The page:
In a windowless classroom, in a tough New Orleans neighborhood, a middle-aged man with piercing eyes is teaching math at top volume.
"I got a SINGLE DOLLAR if someone can tell me what's the RULE to this problem!" he intones.
Today's lesson is about the order of operations, a topic usually taught in elementary school. On average, Rodney Carey's students are working at a fifth-grade level. But they are much older, aged 16 to 24.
Mr. Rodney, as he is known, does whatever he can to motivate them, whether that's ordering in Chinese food or giving out cash prizes.
"He be tough on everybody," says Darren Johnson, one of Mr. Rodney's students. "He want everybody to have some success. He want his whole class to be graduating."
That's a tall order. The Youth Empowerment Project, where Mr. Rodney teaches, is the largest organization in the city dedicated to helping young people earn their high school equivalency.
In a landscape of wrong turns, YEP offers a way out.
Johnson dropped out of the seventh grade and was arrested twice, spending six months on house arrest, before he came here. He's now 16, and he's found a role model in the stooped teacher with the twisted gait.
Johnson says Mr. Rodney gives out his phone number to all the students, and if you need a ride home? He'll drive you.
"I like where he come from with it. He want to see his people move forward."
Carey knows exactly where Johnson and his other students are coming from. He grew up in the Ninth Ward. Before he was a teacher, he was a bail bondsman. And before that? He was a kid in trouble.
"I was seeing the number of young folks I used to bail out of jail and I thought, there is a lack of opportunity and these kids are underserved," he explains. "So I thought to myself, let me find a career that can help the young folks to avoid that process. And if they did go through the process already, try to find a way to deter them not to go back."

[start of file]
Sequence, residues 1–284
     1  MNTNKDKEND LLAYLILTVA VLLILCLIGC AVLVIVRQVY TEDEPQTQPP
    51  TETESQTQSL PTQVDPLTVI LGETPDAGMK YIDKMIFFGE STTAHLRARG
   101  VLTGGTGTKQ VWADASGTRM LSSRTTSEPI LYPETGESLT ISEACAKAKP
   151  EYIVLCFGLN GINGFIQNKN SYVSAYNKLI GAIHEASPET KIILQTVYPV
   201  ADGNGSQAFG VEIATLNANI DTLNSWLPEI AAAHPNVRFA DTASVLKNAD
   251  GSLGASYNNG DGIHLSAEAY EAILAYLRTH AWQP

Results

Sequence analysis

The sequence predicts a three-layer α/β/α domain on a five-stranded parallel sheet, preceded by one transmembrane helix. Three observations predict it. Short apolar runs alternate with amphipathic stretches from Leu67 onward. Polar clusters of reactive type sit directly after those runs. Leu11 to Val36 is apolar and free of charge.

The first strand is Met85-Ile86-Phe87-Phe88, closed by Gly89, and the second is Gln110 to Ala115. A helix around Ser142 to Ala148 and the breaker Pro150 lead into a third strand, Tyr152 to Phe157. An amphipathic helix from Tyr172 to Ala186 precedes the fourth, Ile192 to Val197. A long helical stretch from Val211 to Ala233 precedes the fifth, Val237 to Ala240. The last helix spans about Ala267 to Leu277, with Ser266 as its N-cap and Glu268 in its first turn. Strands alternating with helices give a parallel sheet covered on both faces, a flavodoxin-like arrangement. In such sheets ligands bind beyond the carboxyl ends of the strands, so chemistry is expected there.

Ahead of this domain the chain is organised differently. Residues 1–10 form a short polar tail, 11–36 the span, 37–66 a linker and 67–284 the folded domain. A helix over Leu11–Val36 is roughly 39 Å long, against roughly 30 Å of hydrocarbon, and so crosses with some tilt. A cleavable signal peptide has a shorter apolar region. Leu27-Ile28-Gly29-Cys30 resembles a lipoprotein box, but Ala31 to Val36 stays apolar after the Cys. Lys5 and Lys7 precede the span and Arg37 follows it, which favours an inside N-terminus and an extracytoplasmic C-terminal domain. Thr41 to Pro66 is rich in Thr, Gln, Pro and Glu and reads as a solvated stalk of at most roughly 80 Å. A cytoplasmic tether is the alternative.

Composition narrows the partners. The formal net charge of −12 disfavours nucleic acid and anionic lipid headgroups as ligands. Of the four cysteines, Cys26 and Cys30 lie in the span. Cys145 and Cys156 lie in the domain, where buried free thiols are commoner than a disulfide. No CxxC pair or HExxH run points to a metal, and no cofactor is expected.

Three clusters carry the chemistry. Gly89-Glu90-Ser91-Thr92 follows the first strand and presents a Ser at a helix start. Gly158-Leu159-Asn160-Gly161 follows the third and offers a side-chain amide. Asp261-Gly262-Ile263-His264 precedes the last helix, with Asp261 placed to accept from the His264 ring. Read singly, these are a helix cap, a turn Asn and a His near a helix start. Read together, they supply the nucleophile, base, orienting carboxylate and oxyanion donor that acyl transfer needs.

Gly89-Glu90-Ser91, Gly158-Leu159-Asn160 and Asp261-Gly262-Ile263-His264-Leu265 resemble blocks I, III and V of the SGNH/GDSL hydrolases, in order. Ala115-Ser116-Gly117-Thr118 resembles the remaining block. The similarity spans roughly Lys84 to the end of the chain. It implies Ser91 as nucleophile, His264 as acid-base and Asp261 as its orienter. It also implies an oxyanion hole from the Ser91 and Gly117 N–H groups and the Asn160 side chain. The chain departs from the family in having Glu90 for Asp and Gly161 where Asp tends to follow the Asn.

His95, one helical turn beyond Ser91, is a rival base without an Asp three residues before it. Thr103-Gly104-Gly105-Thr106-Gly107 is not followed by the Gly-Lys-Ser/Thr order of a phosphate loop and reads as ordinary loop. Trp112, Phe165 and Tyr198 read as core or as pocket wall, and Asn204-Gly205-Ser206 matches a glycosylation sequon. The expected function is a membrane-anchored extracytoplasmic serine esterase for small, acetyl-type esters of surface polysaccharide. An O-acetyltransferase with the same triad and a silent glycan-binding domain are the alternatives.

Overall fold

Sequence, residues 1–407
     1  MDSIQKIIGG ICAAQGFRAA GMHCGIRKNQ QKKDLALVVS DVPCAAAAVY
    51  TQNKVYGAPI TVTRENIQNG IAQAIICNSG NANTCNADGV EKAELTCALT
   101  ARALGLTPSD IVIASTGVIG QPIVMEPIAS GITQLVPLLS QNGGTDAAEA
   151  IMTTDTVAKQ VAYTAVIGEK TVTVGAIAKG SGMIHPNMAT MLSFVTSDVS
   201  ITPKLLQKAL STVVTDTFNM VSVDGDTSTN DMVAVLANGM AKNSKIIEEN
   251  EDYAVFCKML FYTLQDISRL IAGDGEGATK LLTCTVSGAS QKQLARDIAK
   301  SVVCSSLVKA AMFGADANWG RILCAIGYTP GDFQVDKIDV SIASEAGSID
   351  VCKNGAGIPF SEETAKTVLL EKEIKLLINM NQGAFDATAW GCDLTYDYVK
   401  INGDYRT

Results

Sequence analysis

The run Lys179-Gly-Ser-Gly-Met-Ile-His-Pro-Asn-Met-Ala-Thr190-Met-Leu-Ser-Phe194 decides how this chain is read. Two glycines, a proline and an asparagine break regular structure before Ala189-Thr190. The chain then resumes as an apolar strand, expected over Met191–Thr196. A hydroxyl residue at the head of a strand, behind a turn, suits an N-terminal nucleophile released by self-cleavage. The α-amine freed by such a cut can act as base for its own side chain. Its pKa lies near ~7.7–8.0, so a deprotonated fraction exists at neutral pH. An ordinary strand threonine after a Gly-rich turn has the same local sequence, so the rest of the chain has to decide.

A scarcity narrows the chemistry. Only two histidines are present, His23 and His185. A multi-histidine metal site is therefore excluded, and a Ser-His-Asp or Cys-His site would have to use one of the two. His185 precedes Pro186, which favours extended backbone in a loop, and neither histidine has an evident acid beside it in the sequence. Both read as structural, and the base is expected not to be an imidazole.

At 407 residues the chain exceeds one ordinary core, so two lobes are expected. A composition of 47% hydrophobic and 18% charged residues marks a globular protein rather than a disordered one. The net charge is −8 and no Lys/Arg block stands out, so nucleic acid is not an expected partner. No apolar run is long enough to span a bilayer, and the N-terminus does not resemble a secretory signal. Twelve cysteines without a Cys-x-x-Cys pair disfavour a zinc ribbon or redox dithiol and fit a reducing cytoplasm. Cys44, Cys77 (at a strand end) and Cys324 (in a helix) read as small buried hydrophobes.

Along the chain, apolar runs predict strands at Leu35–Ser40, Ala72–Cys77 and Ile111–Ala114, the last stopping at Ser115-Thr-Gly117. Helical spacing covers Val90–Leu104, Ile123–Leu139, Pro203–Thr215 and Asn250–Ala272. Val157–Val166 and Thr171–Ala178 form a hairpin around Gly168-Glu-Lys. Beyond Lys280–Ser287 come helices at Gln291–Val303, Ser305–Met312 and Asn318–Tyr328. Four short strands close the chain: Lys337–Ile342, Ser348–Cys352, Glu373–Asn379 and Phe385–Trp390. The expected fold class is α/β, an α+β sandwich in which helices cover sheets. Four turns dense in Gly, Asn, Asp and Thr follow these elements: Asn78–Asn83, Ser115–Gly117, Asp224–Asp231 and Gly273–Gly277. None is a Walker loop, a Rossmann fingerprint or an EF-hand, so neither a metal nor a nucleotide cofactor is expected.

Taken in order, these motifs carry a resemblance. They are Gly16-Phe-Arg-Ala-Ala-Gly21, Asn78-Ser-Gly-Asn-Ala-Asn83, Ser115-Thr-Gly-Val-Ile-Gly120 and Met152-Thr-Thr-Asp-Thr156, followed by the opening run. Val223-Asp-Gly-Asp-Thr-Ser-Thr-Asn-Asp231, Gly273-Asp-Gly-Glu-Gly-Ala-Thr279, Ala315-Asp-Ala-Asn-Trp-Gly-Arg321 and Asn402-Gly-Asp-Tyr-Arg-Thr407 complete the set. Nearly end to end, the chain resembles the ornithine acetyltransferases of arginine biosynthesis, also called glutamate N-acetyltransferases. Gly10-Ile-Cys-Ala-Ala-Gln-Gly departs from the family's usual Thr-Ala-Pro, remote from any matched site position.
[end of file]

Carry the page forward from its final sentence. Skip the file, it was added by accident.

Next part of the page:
About 14 percent of the program's referrals come directly from the courts, and many of the rest, like Johnson, have been arrested at least once.
Carey's own forays into burglary, drugs and gangs all happened by the time he was 16.
That year, he had a strange stroke of luck: He got shot.
"I was hit three times in my side, two times in my back. And it left me an incomplete paraplegic. I had to learn how to walk all over again. I was in a wheelchair about four years." He still walks with a cane.
He had to transfer to a school that was wheelchair accessible. With nowhere to go other than school, he graduated an A and B student. He's currently earning a master's degree in criminal justice.
Success stories like his are all too rare in this city, where 26,000 young people are neither in school nor working. It's the third highest rate in the U.S.
Poverty and violence have long been off the charts. Hurricane Katrina didn't help matters. When the storm hit a decade ago, the students in this program were children or young teens.
"We're seeing compounding elements of trauma, stress, disconnection, uprootedness," says Melissa Sawyer, the founder of YEP, a privately funded nonprofit. "A lot of kids were out of school for months, if not years, at impressionable ages and are really far behind."
Sawyer worries too about the impact of the nearly all-charter school system. Suspension rates in the city's charter schools are three times the state average, and she says more and students have been showing up at YEP after getting suspended, expelled or dropping out.
"My front line staff on a regular basis are frustrated that they're putting them out of school for such dumb stuff," Sawyer says.
Sawyer created Carey's class to fill a special need. The teacher, assistants, and students are all African-American men.
"Because the challenges that young black men are facing are so difficult," Sawyer explains, "we've really created a space where they talk, they share, they have a space to run ideas by each other."
For Carey, sharing his own story of redemption has become something of a calling. When he's not teaching, he visits middle school classrooms to tell his story.
"I know that you cannot save everybody," he says. "But if one of them could just go along, complete his education, go to college, and I see him in the future doing something positive with his life, that makes me think that what I was doing is all worthwhile."
ARUN RATH, HOST:
Turning now to New Orleans, where a man with a dark past has devoted his life to helping students avoid the mistakes he made. He grew up in the Ninth Ward and now teaches a second chance class. The students call him Mr. Rodney. It's part of the NPR Ed team's ongoing New Orleans coverage and the Fifty Great Teachers series. NPR's Anya Kamenetz reports.